Swimming beaver under water video


This 15 November 2018 video shows a swimming beaver.

Diver Jos van Zijl made this video in the Netherlands.

Advertisements

South American rodents’ ancestry


This 6 November 2018 video says about itself:

When Rodents Rafted Across the Ocean

The best evidence we have suggests that, while Caviomorpha originated in South America, they came from ancestors in Africa, over 40 million years ago. So how did they get there? Thanks to Ceri Thomas for the Josephoartigasia monesi reconstruction.

Oldest flying squirrel fossil discovered


This video says about itself:

9 October 2018

At Can Mata Landfill (els Hostalets de Pierola, Catalonia, Spain), scientists discovered fossil remains of the oldest-known flying squirrel – Miopetaurista neogrivensis. Based on the reconstructions, researchers estimate a weigh between 1.1 and 1.6 kilos, length of almost one meter and a wingspan around 40 centimeters.

From eLife:

Oldest fossil of a flying squirrel sheds new light on its evolutionary tree

October 9, 2018

The oldest flying squirrel fossil ever found has unearthed new insight on the origin and evolution of these airborne animals.

Writing in the open-access journal eLife, researchers from the Institut Català de Paleontologia Miquel Crusafont (ICP) in Barcelona, Spain, described the 11.6-million-year-old fossil, which was discovered in Can Mata landfill, approximately 40 kilometers outside the city.

“Due to the large size of the tail and thigh bones, we initially thought the remains belonged to a primate“, says first author Isaac Casanovas-Vilar, researcher at the ICP. In fact, and much to the disappointment of paleoprimatologists, further excavation revealed that it was a large rodent skeleton with minuscule specialised wrist bones, identifying it as Miopetaurista neogrivensis — an extinct flying squirrel.

Combining molecular and paleontological data to carry out evolutionary analyses of the fossil, Casanovas-Vilar and the team demonstrated that flying squirrels evolved from tree squirrels as far back as 31 to 25 million years ago, and possibly even earlier.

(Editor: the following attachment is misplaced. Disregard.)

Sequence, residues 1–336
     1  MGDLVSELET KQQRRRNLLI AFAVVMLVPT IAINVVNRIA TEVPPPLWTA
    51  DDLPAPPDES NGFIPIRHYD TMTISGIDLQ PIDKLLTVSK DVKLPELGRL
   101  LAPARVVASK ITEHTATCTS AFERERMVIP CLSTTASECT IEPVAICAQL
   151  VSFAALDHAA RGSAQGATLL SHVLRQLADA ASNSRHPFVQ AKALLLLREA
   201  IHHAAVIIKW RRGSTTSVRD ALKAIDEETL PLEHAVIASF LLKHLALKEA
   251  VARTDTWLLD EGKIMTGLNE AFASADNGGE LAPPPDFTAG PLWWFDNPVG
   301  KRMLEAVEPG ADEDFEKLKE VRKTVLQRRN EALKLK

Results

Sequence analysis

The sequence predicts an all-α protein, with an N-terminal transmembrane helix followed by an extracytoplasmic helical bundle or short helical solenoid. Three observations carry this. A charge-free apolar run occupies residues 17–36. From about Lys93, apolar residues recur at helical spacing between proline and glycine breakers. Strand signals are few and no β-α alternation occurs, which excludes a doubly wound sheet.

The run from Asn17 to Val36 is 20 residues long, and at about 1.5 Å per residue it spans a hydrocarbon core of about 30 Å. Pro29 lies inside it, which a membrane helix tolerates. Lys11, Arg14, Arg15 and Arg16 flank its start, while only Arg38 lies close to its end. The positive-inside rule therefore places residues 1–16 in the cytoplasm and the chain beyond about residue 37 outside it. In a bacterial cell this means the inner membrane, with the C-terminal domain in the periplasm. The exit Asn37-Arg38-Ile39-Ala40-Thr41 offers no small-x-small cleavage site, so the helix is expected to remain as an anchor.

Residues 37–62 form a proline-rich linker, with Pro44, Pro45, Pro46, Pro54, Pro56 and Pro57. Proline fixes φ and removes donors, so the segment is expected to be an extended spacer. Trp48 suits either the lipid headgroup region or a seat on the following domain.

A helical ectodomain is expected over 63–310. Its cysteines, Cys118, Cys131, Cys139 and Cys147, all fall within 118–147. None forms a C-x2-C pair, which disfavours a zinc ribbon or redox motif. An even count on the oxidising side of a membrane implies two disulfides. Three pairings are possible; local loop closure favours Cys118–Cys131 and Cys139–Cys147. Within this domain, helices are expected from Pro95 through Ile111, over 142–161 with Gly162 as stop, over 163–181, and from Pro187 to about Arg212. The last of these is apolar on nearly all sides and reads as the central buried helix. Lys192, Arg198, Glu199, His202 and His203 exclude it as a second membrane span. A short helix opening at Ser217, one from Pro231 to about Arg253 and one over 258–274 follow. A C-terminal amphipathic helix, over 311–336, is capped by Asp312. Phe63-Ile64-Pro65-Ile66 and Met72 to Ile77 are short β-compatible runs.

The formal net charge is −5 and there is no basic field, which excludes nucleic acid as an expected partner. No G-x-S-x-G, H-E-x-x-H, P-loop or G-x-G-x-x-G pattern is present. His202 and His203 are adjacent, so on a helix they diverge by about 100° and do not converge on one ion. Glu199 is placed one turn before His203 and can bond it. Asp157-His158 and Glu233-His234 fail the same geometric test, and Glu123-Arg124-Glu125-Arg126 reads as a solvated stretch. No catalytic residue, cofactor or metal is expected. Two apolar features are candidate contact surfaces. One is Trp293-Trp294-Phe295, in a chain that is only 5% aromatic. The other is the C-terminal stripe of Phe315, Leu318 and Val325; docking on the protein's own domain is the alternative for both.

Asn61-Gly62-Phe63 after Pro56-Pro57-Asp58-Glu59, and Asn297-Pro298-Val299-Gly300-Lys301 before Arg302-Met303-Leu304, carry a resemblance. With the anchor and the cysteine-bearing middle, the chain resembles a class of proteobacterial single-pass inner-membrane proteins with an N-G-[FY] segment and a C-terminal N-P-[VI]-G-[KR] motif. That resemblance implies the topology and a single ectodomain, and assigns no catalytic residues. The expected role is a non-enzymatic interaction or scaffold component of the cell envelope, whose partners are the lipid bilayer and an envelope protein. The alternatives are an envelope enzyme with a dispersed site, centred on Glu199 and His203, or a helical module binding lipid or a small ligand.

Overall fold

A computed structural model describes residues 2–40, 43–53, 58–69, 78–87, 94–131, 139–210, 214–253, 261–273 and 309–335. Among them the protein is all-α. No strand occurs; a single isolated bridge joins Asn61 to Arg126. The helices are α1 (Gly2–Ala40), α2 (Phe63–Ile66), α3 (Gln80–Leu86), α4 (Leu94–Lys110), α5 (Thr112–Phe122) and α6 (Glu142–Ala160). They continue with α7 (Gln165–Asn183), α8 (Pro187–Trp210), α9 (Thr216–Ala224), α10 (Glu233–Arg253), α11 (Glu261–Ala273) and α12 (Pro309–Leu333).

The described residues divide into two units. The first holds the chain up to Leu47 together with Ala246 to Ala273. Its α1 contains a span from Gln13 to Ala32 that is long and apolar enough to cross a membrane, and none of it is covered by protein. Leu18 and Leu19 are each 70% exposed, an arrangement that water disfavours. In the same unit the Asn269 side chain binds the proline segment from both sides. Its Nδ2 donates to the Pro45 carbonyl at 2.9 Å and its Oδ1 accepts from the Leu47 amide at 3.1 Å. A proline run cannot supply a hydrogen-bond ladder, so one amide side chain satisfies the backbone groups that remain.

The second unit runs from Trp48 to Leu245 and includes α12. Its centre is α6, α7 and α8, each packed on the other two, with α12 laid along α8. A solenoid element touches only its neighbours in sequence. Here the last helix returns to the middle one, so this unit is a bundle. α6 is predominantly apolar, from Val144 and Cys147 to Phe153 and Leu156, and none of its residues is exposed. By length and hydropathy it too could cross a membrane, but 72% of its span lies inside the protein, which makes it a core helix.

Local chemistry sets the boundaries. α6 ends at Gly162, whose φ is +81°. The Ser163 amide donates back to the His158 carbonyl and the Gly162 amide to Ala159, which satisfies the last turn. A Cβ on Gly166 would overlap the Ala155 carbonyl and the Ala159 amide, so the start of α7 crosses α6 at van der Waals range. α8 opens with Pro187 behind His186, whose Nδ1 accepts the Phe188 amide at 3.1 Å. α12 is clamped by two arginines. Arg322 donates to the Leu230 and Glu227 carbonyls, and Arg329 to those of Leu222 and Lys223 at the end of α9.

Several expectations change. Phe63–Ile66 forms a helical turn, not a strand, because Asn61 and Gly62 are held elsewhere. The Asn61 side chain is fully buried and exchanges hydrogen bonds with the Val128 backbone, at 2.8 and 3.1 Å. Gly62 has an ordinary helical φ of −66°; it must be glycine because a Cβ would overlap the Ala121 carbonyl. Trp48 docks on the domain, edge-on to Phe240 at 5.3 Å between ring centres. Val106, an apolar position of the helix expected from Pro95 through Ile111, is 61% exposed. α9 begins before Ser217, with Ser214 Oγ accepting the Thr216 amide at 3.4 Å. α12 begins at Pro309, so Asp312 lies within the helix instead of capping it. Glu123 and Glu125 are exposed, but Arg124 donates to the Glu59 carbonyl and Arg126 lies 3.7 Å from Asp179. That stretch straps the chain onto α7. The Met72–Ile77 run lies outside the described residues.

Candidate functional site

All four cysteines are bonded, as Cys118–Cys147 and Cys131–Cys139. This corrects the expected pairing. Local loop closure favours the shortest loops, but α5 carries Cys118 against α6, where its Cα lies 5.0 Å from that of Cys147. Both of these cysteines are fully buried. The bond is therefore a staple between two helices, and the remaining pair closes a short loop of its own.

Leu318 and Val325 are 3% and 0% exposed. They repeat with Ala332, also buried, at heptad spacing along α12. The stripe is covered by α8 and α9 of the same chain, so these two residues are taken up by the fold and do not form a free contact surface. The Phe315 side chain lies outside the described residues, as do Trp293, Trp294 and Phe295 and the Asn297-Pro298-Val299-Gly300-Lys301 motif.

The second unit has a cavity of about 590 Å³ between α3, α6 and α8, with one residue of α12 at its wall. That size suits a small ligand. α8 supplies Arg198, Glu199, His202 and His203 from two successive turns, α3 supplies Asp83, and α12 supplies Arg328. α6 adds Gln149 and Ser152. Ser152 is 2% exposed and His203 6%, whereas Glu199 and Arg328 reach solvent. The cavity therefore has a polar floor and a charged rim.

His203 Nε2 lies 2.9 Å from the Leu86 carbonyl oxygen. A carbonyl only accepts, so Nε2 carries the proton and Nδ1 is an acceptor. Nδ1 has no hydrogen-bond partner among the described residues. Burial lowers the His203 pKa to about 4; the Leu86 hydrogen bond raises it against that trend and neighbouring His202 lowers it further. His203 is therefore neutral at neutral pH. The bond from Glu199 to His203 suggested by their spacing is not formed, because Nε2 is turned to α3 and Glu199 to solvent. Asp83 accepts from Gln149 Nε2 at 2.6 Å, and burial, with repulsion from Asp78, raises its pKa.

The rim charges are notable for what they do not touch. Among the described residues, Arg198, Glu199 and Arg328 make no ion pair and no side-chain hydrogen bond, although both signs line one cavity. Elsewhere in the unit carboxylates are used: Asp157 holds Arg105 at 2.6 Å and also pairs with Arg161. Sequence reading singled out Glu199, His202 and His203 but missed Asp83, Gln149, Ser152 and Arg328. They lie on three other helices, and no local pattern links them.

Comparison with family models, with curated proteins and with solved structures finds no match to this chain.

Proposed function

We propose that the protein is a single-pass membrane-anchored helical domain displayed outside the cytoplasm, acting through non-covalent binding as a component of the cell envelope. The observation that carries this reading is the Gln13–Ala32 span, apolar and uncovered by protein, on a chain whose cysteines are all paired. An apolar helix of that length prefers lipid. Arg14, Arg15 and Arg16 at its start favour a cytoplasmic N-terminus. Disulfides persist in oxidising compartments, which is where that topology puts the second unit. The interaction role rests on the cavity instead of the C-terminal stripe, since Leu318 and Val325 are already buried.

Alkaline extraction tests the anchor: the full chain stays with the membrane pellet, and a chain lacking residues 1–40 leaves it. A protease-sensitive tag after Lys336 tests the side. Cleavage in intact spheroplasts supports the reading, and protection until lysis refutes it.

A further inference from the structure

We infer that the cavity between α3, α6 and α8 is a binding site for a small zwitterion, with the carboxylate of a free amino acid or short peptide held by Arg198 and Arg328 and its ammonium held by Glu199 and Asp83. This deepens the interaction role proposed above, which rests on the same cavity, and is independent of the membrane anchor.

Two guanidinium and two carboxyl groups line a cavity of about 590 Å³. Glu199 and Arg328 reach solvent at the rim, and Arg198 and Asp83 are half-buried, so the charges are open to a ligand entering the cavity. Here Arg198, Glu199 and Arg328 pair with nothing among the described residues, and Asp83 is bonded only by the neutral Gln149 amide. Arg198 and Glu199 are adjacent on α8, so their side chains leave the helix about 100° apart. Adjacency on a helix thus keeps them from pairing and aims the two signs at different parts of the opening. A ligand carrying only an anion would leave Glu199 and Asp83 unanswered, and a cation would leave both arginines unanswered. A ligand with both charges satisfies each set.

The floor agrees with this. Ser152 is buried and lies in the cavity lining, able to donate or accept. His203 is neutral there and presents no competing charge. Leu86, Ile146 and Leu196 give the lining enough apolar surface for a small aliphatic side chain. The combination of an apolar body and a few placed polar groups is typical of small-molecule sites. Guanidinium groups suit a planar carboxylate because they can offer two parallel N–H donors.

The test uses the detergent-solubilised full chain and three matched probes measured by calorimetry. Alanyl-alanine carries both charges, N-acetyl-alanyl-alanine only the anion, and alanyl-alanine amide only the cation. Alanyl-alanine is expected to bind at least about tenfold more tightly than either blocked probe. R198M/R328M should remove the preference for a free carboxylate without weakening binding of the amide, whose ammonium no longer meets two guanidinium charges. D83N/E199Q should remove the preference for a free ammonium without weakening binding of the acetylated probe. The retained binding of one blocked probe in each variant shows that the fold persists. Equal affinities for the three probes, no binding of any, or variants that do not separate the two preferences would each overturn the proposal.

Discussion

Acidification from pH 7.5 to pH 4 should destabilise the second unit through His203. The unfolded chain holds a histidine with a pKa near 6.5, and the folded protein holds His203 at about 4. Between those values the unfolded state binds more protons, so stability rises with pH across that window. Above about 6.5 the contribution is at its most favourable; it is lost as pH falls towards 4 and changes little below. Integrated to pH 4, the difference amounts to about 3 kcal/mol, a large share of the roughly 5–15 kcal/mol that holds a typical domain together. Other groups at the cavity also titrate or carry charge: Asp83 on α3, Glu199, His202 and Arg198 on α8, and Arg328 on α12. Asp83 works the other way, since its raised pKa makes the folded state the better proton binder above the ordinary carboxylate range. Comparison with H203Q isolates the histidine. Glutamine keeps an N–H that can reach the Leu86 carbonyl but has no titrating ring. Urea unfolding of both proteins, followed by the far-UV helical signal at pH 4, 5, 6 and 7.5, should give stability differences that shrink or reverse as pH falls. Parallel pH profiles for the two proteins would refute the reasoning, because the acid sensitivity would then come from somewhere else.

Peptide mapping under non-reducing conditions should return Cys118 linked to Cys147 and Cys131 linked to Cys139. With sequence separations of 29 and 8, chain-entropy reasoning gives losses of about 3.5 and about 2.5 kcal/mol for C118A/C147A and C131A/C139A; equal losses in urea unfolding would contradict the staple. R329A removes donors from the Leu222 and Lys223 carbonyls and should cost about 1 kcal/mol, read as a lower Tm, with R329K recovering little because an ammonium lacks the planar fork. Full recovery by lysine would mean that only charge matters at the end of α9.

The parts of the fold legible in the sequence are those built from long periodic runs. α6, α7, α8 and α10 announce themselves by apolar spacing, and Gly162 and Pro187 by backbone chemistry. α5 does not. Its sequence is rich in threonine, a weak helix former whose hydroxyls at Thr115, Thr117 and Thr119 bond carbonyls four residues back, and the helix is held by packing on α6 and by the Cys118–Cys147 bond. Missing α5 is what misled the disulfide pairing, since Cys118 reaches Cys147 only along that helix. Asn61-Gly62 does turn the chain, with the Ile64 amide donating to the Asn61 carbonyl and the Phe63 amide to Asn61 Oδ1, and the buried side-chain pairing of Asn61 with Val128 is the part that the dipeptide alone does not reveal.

In addition, their results showed that Miopetaurista is closely related to an existing group of giant flying squirrels called Petaurista. Their skeletons are in fact so similar that the large species that currently inhabit the tropical and subtropical forests of Asia could be considered living fossils.

With 52 species scattered across the northern hemisphere, flying squirrels are the most successful group of mammals that adopted the ability to glide. To drift between trees in distances of up to 150 metres, these small animals pack their own ‘parachute’: a membrane draping between their lower limbs and the long cartilage rods that extend from their wrists. Their tiny, specialised wrist bones, which are unique to flying squirrels, help support the cartilaginous extensions.

But the origin of these animals is highly debated. While most genetic studies point towards the group splitting from tree squirrels about 23 million years ago, some 36-million-year-old remains that could belong to flying squirrels have previously been found. “The problem is that these ancient remains are mainly teeth”, Casanovas-Vilar explains. “As the dental features used to distinguish between gliding and non-gliding squirrels may actually be shared by the two groups, it is difficult to attribute the ancient teeth undoubtedly to a flying squirrel. In our study, we estimate that the split took place around 31 and 25 million years ago, earlier than previously thought, suggesting the oldest fossils may not belong to flying squirrels.

“Molecular and paleontological data are often at odds, but this fossil shows that they can be reconciled and combined to retrace history”, he adds. “Discovering even older fossils could help to retrace how flying squirrels diverged from the rest of their evolutionary tree.”

An exceptional site in a rubbish dump

The Can Mata landfill holds a set of more than 200 sites ranging in age between 12.6 and 11.4 Ma (middle to late Miocene). In the last 20 years, excavations carried out by the ICP in Can Mata have led to the identification of more than 80 species of mammals, birds, amphibians and reptiles. A remarkable number of primate remains from the site have revealed three new species of hominoids, nicknamed ‘Pau’ (Pierolapithecus catalaunicus), ‘Laia’ (Pliobates cataloniae) and ‘Lluc’ (Anoiapithecus brevirostris). Various studies of mammal remains recovered from the site, including the current work in eLife, indicate the existence of a dense subtropical forest.